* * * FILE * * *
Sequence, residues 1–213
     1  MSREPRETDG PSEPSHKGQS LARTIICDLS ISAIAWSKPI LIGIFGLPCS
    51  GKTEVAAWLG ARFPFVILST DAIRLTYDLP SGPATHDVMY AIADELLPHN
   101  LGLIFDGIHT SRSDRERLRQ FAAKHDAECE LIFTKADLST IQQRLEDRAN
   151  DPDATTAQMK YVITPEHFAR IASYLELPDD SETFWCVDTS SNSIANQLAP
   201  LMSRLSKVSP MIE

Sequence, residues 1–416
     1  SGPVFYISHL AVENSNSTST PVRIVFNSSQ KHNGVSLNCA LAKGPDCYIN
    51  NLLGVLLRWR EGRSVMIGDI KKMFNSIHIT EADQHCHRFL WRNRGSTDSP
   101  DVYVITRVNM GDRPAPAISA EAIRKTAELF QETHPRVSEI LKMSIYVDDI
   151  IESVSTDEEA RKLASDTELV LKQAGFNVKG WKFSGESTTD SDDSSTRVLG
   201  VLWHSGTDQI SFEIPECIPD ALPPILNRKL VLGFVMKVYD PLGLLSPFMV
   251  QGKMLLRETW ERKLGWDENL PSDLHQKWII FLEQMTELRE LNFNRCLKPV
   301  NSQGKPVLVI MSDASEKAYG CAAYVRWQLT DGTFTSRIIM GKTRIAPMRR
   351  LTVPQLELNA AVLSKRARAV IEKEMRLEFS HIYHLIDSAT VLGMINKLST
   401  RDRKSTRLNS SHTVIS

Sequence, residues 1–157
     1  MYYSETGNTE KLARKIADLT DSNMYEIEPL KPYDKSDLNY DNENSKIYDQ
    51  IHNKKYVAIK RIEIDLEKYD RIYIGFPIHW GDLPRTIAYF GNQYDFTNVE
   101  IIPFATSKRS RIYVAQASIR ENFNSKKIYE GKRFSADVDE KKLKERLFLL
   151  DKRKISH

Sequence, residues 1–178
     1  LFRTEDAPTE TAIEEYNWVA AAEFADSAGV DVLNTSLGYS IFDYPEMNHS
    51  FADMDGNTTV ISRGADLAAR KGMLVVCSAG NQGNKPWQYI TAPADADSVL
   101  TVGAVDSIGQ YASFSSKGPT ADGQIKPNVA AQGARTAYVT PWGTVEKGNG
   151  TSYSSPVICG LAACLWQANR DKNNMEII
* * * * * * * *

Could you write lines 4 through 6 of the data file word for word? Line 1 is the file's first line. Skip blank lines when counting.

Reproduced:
   101  LGLIFDGIHT SRSDRERLRQ FAAKHDAECE LIFTKADLST IQQRLEDRAN
   151  DPDATTAQMK YVITPEHFAR IASYLELPDD SETFWCVDTS SNSIANQLAP
   201  LMSRLSKVSP MIE